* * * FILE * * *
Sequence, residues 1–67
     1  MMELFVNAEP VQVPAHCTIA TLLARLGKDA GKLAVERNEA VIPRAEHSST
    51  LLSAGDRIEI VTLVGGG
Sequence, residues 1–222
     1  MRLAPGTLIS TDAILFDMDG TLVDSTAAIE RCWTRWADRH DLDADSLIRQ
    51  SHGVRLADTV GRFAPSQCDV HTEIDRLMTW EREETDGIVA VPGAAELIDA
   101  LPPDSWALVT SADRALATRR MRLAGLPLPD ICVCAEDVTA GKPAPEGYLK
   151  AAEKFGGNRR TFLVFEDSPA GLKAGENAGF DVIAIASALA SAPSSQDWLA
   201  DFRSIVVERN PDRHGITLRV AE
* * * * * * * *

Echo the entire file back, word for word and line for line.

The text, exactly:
Sequence, residues 1–67
     1  MMELFVNAEP VQVPAHCTIA TLLARLGKDA GKLAVERNEA VIPRAEHSST
    51  LLSAGDRIEI VTLVGGG
Sequence, residues 1–222
     1  MRLAPGTLIS TDAILFDMDG TLVDSTAAIE RCWTRWADRH DLDADSLIRQ
    51  SHGVRLADTV GRFAPSQCDV HTEIDRLMTW EREETDGIVA VPGAAELIDA
   101  LPPDSWALVT SADRALATRR MRLAGLPLPD ICVCAEDVTA GKPAPEGYLK
   151  AAEKFGGNRR TFLVFEDSPA GLKAGENAGF DVIAIASALA SAPSSQDWLA
   201  DFRSIVVERN PDRHGITLRV AE